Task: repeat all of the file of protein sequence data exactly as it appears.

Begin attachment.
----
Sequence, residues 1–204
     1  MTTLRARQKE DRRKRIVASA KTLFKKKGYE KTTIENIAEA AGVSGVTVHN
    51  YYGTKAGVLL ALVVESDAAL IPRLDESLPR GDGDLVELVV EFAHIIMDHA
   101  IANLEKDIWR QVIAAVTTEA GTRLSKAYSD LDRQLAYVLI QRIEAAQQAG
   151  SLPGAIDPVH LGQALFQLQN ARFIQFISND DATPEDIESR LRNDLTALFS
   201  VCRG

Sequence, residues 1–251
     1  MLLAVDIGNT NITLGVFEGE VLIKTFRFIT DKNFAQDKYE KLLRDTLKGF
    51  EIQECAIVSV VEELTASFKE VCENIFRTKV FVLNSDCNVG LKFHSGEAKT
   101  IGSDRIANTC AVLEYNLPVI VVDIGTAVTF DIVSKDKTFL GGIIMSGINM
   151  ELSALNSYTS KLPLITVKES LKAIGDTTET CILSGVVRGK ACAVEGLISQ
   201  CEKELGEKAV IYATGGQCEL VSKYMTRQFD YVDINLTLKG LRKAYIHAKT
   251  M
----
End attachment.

Sequence, residues 1–204
     1  MTTLRARQKE DRRKRIVASA KTLFKKKGYE KTTIENIAEA AGVSGVTVHN
    51  YYGTKAGVLL ALVVESDAAL IPRLDESLPR GDGDLVELVV EFAHIIMDHA
   101  IANLEKDIWR QVIAAVTTEA GTRLSKAYSD LDRQLAYVLI QRIEAAQQAG
   151  SLPGAIDPVH LGQALFQLQN ARFIQFISND DATPEDIESR LRNDLTALFS
   201  VCRG

Sequence, residues 1–251
     1  MLLAVDIGNT NITLGVFEGE VLIKTFRFIT DKNFAQDKYE KLLRDTLKGF
    51  EIQECAIVSV VEELTASFKE VCENIFRTKV FVLNSDCNVG LKFHSGEAKT
   101  IGSDRIANTC AVLEYNLPVI VVDIGTAVTF DIVSKDKTFL GGIIMSGINM
   151  ELSALNSYTS KLPLITVKES LKAIGDTTET CILSGVVRGK ACAVEGLISQ
   201  CEKELGEKAV IYATGGQCEL VSKYMTRQFD YVDINLTLKG LRKAYIHAKT
   251  M